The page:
It’s time to move on from talk of the »Dark Continent«. A major exhibition by the Vitra Design Museum in spring 2015 sheds new light on contemporary design in Africa.
On the basis of a wide variety of examples, »Making Africa« shows how design is accompanying – and even promoting – economic and political change on the continent and engaging in a close dialogue with related disciplines, such as the fine arts, graphic design, illustration, film, photography, architecture and urban planning. A central role is played by the new media, which made this shift in perspective possible in the first place.
»Making Africa« presents a plethora of work cutting across a wide variety of media, such as the eyewear sculptures by Kenyan artist Cyrus Kabiru, the furniture of Cheik Diallo from Mali and the photography of Mozambican Mário Macilau and Nigerian J.D. ’Okhai Ojeikere. It shows the architecture of Francis Kéré, David Adjaye and Kunlé Adeyemi, remarkable cardboard city models by Bodys Isek Kingelez and animation art by Robin Rhode, a South African based in Berlin.
All of the works presented are underpinned by a quest to address questions of material culture and everyday aesthetics – in short, questions of design. The objects show that design in Africa is understood on a much more inclusive level than in Western societies – and they are proof that this understanding can produce innovative new approaches to design.
The cultural historical foundations of »Making Africa« come from a retrospective look at early postcolonial Africa. Back in the 1960s, photographers such as Seydou Keïta and Malick Sidibé or the South African magazine »Drum« showed a continent beyond wars, crises and catastrophes. The architecture produced during those initial years of independence also epitomizes the emergence of a new era of self-confidence that dissipated over the following decades. These historical documents run through the entire exhibition where they are systematically paired with contemporary works. These comparisons demonstrate how the young generation often consciously refers to this early body of work and creates a link to the positive sentiment of this past era.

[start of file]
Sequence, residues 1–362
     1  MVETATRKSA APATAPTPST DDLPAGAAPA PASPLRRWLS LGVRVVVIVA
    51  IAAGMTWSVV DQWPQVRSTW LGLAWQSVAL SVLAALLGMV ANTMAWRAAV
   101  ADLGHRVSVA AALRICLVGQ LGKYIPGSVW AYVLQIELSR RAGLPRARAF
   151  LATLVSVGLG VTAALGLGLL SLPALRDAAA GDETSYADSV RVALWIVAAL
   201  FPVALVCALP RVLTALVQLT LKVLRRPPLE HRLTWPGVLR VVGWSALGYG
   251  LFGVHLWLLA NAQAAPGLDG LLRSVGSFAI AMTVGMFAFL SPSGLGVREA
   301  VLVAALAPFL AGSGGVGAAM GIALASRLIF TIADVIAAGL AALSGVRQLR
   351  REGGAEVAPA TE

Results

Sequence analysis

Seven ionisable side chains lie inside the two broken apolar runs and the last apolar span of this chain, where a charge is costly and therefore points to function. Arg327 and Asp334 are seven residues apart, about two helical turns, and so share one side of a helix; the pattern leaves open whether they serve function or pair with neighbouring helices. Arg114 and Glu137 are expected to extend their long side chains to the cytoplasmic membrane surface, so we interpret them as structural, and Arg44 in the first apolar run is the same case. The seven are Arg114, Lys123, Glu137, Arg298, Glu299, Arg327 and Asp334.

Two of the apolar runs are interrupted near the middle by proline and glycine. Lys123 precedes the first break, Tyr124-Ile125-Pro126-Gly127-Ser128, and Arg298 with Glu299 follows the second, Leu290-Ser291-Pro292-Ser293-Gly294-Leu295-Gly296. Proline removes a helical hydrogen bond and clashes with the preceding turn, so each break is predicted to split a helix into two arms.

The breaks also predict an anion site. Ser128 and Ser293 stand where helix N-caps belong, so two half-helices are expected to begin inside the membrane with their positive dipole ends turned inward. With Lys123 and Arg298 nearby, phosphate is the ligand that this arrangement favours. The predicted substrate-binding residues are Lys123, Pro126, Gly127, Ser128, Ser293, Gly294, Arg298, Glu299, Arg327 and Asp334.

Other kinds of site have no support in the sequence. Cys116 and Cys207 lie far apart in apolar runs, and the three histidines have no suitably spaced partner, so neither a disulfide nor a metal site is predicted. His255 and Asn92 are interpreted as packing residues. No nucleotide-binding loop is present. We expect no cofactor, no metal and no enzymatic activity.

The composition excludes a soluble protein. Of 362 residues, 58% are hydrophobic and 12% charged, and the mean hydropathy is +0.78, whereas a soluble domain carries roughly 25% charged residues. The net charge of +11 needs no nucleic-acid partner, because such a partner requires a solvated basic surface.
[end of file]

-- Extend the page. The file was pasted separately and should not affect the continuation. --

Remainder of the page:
Chris Saunders, Lethabo Tsatsinyane fotografiert für/photographed for Dazed Magazine aus der/from the »Smarteez« series, 2010 photo: courtesy PAPA Photographic Archival and Preservation Association, Kapstadt © Chris Saunders
The exhibition is accompanied by a 352-page publication, which offers a first-ever comprehensive overview of African contemporary design with contributions by Okwui Enwezor, Koyo Kouoh Edgar Pieterse and Mugendi M’rithaa. A second part of the publication shows all of the exhibits in a comprehensive catalogue of objects and contains summaries of interviews conducted in the exhibition’s research process.
An elaborate events programme will be held throughout the duration of the exhibition. It will feature talks, symposia, workshops and film screenings. Among the guests are curator Okwui Enwezor, photographer Iwan Baan, the founder of Lagos Photo Festival Azu Nwagbogu and designer Cheick Diallo.
The exhibition was curated by Amelie Klein, Curator at the Vitra Design Museum, together with the internationally renowned curator Okwui Enwezor and supported by the Kulturstiftung des Bundes (German Federal Cultural Foundation). Following its premiere at the Vitra Design Museum, the exhibition will be presented at the Guggenheim Museum in Bilbao from autumn 2015.